Variation in the Juvenile Bony Pelvis

  • Author / Creator
    Rocca, Alexandra
  • The human bony pelvis is important in many anthropological studies of archaeological populations and of human evolution as it balances two important human characteristics: upright walking and the birthing of large-brained infants. While it has been thought that the female pelvis is selectively constrained by these functions, research demonstrates the pelvis is also impacted by developmental plasticity and morphological variation. This thesis studies two archaeological human skeletal collections: Later Stone Age Southern African foragers, and semi- sedentary foragers from Indian Knoll, Kentucky. The sample consists of 60 juvenile individuals from 0-16 years of age as well as 10 adults (5 males, 5 females). The size and age range of the samples offers a look at growth and development in juveniles through maturation. This research explores when in pelvic growth morphological differences arise in the iliac crest and if there are differences between populations. In order to address pelvic growth and variability, geometric morphometric analysis of 3D semilandmark data was used to evaluate shape change during growth. This 3D approach is a novel way of exploring human bone adaptability and constraints in morphological variation. Morphological change was expected to occur between each developmental age cohort. The adult sample was expected to differ based on sex. Comparisons between the mean shape in the two populations was expected to differ based on their distinct geographic locations. When the results of the patterns of shape change were examined, the majority of landmark movement occurred in the mediolateral plane of the iliac crest. The greatest difference in mean shape occurred between the first and fourth developmental cohort, which was expected due to the large difference in age. Correlation tests revealed a positive relationship between shape and size. All results were the same between the two populations. The adult populations did not differ by sex but allowed maturation trajectories to be explored. Both size and shape maturation demonstrated highly significant positive correlations with age. This research was limited in its analysis by the fact it only examined the iliac crest. This represents only part of the entire human bony pelvis and may have limited the inferences that could be drawn from the results. Future studies should look at the entire shape of the pelvis over maturation and should further explore different populations to better understand the impact of developmental plasticity in different geographic contexts.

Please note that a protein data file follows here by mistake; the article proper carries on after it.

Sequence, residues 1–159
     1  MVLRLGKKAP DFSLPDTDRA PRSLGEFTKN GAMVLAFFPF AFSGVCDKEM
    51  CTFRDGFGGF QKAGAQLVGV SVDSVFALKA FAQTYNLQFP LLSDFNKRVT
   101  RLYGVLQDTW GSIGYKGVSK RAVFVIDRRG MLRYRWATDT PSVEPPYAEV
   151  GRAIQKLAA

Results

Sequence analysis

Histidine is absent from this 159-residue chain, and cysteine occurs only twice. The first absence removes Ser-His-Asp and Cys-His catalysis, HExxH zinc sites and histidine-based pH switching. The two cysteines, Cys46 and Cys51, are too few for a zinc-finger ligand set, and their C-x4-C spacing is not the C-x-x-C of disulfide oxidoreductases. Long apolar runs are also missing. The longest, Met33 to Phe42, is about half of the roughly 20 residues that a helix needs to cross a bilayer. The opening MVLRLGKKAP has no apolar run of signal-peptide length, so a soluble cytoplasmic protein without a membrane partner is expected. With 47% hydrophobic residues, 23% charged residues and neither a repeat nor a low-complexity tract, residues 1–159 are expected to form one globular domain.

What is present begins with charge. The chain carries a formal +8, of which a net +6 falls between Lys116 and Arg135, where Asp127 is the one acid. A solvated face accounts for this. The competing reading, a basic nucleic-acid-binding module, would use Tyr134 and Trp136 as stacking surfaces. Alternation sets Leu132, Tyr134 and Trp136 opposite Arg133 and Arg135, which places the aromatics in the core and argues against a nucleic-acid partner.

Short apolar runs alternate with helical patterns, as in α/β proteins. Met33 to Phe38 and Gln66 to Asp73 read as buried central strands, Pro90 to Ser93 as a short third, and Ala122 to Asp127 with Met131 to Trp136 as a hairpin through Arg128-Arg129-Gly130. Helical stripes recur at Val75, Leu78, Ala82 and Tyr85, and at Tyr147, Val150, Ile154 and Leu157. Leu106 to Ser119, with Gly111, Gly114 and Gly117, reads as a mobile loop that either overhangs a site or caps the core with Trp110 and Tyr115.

• Subjects / Keywords
  • Graduation date
    Spring 2020
  • Type of Item
  • Degree
    Master of Arts
  • DOI
  • License
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